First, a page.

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How Can I See My Boyfriend More Since My Parents Don't Understand My Being Gay?


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Question: How Can I See My Boyfriend More Since My Parents Don't Understand My Being Gay?
A teen who was caught sneaking out to see his boyfriend, is now banned from doing so by his parents with the excuse that they can no longer trust him.

A teen writes:

"About 3 weeks ago I came out to my parents and told them about my boyfriend whom I have gone on dates with behind their backs. They keep saying that since I lied and "betrayed" their trust that I can't see him until they "understand" the whole "gay thing." Anyway, while talking to my mom about why she's angry, she admitted to me "I have a problem with you dating the same-sex." So basically my parents have a problem with this on a personal level, and now we're all seeing a counselor over this. They won't let me see my boyfriend (who I really, really, really love) and now that it's summer all I wanna do is see him. Does anyone know how I can convince them or just figure out a way to see him more?"

This sounds really complicated. On the one hand it sounds like you were breaking your parents rules by sneaking out. On the there hand, when a teen has not yet come out, or knows that a parent would react badly if he did, sneaking out is a little different than it would be under other circumstances.

Though you might not like what your mom has said about you being gay, it seems like she is actually trying to make an effort. It is common for parents to go through a lot of different emotions when a child comes out. Many feel shock, disbelief, denial, anger, hurt, and confusion. But even if your parents express these emotions, it is very likely that eventually they will come to a place of acceptance over time.

Remember, you have known that you were gay for a while now and for them, this is brand new information. The fact is, we live in a homophobic world and getting past a lot of negative messages about what it means to be gay can take time, especially if someone has no connection to the gay community or doesn't know anyone gay.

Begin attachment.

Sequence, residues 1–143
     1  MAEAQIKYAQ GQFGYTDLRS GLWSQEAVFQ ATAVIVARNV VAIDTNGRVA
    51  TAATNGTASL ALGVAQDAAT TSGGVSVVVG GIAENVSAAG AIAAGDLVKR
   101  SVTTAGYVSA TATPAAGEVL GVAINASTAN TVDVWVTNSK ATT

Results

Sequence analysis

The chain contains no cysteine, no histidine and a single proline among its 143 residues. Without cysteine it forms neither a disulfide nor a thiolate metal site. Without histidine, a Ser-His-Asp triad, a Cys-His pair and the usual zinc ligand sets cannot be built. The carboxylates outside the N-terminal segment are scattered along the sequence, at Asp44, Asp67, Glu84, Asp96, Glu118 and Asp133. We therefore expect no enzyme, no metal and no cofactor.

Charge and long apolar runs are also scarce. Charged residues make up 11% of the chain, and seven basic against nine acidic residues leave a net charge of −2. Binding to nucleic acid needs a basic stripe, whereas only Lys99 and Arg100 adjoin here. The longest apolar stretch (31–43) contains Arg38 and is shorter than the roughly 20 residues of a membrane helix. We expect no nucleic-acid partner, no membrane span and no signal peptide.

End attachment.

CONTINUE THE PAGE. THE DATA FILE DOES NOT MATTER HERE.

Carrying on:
The fact that they are starting family counseling could be positive, but it could also be tough, especially if they choose someone who is not supportive of gay rights. Having a GLBT-friendly therapist is crucial if you are going to have a good experience. You can find out more about how to find someone who fits that bill here.

But while your family is dealing with this, you still want to see your boyfriend! Here are some ideas that you can try:

  • Have an Honest Conversation. In a respectful manner, calmly explain how you feel to your parents. Ask them why they are preventing you from seeing your boyfriend. Educate yourself on GLBT issues so that if they have misconceptions and believe myths about what it means to be gay, then you can clear them up.
  • Find an Advocate. Often times parents will respond better to someone who is not their own child. Get an adult whom your parents trust and respect to speak to them on your behalf. Is there a relative, friends, community or religious leader, or teacher who supports you and who you think they would listen to? If so, you can ask this person to talk to your folks for you.
  • Arrange Introductions. Ask your parents if your boyfriend can spend some time with your family so that they see that he / she isn't the worst person in the world. Often parents assume the worst. For example, they might think that your partner will turn up in a crazy outfit, or will try to make out with you in front of them, or even that he is a predator trying to "convert" you. One way to help them get over these assumptions is to actually let them get to know the person you are dating.

    Hopefully, with time they will get comfortable with "the gay thing" and you won't be in a place where you feel you have to sneak around to be with your guy!

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